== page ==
Microsoft warns of new threats to unincorporated networks

Microsoft Corp has detected and blocked the “new family of firefighters” that were being used on servers that were not yet safe after a major security breach last week.

The review released Friday is a temporary measure of protection against attacks, which have already occurred in many areas, the company said.

The company has acquired Chinese government-sponsored robbery suspects using previously unknown threats in Microsoft’s widely used Microsoft email exchange software in early March. Even if it does get a glimpse of those programs, hackers rush to find companies that would install Microsoft fix.

BitSight Technologies, a Boston security company, said that based on an internet-wide scan it conducted this week, about a third of Microsoft Exchange customers are at risk of compromising their systems. Those customers will now be at risk of new attacks on powders until the stains are removed.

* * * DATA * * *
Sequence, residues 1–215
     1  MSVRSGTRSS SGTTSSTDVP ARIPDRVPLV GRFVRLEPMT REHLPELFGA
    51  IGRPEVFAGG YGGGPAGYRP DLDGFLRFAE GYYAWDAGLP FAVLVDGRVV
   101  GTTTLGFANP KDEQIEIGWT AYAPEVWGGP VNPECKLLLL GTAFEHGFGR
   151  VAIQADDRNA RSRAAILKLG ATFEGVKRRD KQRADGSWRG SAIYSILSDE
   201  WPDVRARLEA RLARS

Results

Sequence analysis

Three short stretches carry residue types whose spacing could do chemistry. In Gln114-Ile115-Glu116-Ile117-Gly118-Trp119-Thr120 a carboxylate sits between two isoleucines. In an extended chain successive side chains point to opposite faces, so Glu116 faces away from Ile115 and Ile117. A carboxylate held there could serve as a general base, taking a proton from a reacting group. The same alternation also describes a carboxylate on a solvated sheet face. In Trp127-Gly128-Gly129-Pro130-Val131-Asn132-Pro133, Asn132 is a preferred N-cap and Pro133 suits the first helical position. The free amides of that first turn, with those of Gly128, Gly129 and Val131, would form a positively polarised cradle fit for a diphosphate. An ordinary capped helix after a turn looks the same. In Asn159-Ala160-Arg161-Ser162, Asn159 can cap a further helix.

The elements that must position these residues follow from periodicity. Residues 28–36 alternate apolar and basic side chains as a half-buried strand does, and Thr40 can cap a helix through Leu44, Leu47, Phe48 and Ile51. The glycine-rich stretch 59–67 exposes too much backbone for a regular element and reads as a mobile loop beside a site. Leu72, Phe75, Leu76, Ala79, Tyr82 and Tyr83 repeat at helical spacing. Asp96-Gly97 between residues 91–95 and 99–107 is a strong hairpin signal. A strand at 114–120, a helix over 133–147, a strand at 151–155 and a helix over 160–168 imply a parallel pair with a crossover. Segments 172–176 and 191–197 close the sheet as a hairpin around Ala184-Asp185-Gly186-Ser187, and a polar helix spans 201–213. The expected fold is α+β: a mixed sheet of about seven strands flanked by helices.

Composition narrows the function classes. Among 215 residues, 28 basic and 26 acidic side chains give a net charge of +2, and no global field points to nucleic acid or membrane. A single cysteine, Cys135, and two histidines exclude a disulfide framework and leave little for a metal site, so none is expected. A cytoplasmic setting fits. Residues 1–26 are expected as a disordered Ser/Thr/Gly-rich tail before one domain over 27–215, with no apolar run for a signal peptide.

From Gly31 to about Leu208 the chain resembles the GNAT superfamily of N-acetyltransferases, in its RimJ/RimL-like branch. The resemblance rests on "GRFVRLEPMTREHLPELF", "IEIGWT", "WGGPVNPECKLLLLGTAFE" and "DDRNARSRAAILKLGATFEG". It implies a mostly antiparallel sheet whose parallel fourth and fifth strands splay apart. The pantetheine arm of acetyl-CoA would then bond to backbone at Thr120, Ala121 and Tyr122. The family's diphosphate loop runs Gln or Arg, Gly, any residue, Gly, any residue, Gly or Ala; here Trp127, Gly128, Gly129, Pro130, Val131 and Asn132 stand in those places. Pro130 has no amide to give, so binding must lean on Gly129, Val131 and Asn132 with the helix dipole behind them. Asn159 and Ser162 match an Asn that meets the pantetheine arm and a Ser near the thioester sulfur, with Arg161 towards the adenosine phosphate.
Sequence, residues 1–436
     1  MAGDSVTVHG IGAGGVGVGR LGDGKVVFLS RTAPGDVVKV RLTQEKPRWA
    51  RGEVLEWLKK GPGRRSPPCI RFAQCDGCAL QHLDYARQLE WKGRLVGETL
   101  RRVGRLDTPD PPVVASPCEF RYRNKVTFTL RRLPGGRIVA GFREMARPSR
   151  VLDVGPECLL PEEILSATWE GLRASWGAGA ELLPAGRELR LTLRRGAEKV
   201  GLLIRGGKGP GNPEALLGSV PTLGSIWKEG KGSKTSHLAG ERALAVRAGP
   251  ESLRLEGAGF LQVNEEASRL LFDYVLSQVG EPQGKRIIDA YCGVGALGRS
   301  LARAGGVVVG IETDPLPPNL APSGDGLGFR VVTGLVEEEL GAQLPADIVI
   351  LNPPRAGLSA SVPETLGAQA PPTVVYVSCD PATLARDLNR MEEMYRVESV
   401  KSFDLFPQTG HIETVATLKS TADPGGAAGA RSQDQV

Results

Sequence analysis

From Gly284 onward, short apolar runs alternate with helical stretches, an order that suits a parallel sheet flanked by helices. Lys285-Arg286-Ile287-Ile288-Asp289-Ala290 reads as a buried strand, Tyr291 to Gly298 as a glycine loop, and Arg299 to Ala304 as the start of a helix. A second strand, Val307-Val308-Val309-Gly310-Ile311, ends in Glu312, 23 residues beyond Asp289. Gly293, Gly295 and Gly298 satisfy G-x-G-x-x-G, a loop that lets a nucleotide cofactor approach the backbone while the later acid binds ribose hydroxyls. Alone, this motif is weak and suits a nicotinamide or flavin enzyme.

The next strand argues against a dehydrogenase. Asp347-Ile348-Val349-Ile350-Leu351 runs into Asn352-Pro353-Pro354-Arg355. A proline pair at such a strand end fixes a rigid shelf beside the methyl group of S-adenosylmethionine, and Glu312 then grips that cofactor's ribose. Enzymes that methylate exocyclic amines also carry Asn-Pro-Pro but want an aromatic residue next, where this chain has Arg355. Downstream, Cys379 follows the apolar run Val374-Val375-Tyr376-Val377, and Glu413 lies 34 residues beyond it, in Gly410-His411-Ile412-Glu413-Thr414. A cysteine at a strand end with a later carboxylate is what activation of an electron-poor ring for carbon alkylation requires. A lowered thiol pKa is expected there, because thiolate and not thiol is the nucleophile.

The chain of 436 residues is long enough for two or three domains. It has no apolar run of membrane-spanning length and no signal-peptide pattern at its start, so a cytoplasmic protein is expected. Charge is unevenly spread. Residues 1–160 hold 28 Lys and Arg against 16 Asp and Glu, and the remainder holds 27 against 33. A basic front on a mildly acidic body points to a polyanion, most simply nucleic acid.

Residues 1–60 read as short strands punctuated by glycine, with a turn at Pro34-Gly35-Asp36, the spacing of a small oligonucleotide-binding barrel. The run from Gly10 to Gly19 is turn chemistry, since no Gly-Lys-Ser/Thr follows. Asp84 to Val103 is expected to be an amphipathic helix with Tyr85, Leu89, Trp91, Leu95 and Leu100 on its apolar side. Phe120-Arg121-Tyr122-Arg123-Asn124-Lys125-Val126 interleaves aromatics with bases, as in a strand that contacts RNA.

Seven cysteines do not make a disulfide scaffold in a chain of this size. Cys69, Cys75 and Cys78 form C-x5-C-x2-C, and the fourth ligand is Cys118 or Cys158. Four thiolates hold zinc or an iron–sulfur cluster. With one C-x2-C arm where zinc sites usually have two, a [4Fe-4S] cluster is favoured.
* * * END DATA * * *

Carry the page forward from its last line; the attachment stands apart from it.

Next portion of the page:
The hackers exploited the vulnerabilities introduced in the initial attack, including secret entry points installed in the victims’ programs, to gain access. Governments have been hunting for businesses to install these tags – the Australian government has issued at least three warnings in nine days – and Microsoft has warned organizations to take immediate action to prevent damage.

This latest update “means that Microsoft is concerned that people have never matched it,” said Robert Potter, a cybersecurity expert based in Canberra, Australia. “Once you are beaten, there is very little you can do. You are confident that your backups will work, because you will not be removed from the encryption. ”

Rhlengware’s targets so far have been small-scale organizations that have been hacked by hackers using a simple malware called DOJOCRYPT or DearCry, said Kimberly Goody, chief of crime analysis at Mandiant Threat Intelligence. Smaller companies are less likely to have IT staff dedicated to filing patches quickly.

Network monitoring company RiskIQ, which works closely with Microsoft, says the number of Exchange servers at risk has dropped over the past 10 days, from hundreds of thousands to about 83,000. But their data analysis also shows that banking networks, health care and medical facilities remain vulnerable, as do local, national and local government programs.

“If SolarWinds were a strategic strike, this would be a nuclear bomb,” said Elias Manousos, CEO and founder of RiskIQ. “The attackers are trying to create as much chaos as possible.”

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